According to USDA, cold storage stocks of frozen orange juice jumped 27.8% on Jan. 31, totaling 772.9 million-lbs. On the same date in 2019, cold storage stocks of the product totaled 604.7 million-lbs. Stocks increased about 0.9% compared to Dec. 31, 2019, when the total was about 766.1 million-lbs.

Stocks were significantly higher in January when compared to the same date through 2016, when stocks were at 623.1 million-lbs. In 2017 and 2018, stocks were reportedly sitting at 503.4 million-lbs. and 517.1 million-lbs., respectively.

Coca-Cola’s Minute Maid orange juice products were among the top five sellers in the bottled, refrigerated, and frozen orange juice sectors during the 52-week period ending Dec. 1, 2019, according to data from IRI.

Minute Maid accounted for 28.4% of the dollar share of the bottle orange juice market, reaching $23 million in sales. PepsiCo’s rival Tropicana bottled orange juice was the cat­egory leader with $29.2 million worth of sales during the pe­riod, harnessing a 36.1%-dollar share. Private label ($17.5 mil­lion), Langers ($3.6 million), and Dole ($1.3 million) rounded out the top five.

Frozen orange juice sales totaled nearly $70 million in the 52 weeks ending Dec. 1, 2019, dropping 8% year-over-year, according to IRI. Private label frozen orange juice was the most popular product, garnering $40.7 million of the total sales, representing a 58.2%-dollar share. Minute Maid Pre­mium was the second highest seller with 32% of the dollar share, totaling $22.4 million in total sales. The top two cat­egories accounted for the lion’s share of total sales, with Old Orchard ($5.2 million), Tropicana ($1.3 million), and Langers ($282,000) rounding out the top five.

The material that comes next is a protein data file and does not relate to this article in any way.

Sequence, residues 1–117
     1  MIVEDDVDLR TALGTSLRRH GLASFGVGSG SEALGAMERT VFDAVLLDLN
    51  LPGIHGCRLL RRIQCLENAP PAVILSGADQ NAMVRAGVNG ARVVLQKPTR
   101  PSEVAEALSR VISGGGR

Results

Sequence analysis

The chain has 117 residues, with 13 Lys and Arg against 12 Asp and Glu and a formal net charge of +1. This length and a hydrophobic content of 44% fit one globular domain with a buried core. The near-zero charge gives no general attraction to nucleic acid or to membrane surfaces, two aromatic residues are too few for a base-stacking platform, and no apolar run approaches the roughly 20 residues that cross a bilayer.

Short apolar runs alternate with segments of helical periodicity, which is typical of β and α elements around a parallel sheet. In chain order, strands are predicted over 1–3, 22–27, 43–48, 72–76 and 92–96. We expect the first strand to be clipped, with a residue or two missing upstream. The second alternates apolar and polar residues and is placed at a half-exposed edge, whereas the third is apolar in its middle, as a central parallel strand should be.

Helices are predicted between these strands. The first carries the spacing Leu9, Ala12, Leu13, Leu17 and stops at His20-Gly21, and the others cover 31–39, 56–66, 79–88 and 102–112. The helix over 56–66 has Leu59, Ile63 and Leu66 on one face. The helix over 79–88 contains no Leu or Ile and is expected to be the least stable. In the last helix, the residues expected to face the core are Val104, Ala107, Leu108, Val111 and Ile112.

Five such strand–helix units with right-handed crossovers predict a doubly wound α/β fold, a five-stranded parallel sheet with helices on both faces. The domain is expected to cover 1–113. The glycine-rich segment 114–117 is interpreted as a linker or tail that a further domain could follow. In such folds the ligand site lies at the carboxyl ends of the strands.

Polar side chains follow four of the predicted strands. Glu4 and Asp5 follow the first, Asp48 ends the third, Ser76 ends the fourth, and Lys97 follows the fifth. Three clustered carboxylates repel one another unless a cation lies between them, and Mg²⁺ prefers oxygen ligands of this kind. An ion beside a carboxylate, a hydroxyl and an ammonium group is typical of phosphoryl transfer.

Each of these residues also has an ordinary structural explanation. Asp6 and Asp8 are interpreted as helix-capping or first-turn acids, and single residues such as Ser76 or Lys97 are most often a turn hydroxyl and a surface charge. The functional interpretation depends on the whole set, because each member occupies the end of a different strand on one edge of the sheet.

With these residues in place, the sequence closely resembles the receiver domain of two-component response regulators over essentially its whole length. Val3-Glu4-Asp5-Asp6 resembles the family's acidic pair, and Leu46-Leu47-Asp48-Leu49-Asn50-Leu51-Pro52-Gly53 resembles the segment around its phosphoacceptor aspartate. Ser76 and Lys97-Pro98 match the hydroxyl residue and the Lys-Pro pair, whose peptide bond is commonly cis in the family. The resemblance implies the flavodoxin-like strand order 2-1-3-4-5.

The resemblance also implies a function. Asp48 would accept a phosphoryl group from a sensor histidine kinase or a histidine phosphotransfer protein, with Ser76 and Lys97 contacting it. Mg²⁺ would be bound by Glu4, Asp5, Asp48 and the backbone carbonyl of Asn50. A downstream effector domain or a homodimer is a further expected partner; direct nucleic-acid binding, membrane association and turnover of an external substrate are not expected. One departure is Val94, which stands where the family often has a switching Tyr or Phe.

Tropicana’s Pure Premium orange juice topped the refrigerat­ed orange juice category for the period, according to IRI, which found it had dollar sales increasing 0.48% year-over-year and reaching $798 million the 52-week period ending Dec. 1, 2019. Simply Orange was the second highest seller for the category despite a 2.09% decrease year-over-year to $648 million. Pri­vate label accounted for 20.1% of total dollar share, followed by Florida’s Natural (9.8%) and Minute Maid Premium (6.9%).

Meanwhile, Coca-Cola’s Minute Maid business may find increased interest in its orange juice products following a study conducted by researchers at the University of Kan­sas and published in the Journal of Nutrition and Health Sciences regarding rehydration.

Funded by the Florida Department of Citrus, the study found no differences between 100% orange juice, sports drinks, or water with respect to taste preference, thirst level, hydration, or gastrointestinal distress following exercise. An 8-oz. serving revealed to be a strong source of carbohy­drates and potassium, which is an electrolyte.

“The study showed that people consuming 100% orange juice were hydrated as well as the participants consuming a sports drink or water,” said Dawn Emerson, PhD, assistant professor at the University of Kansas and lead of the study. “There were no symptoms of serious GI distress with the orange juice de­spite the carbohydrate content and acidity of the beverage. The results indicate that people can drink orange juice to aid in their rehydration and recovery after exercise.”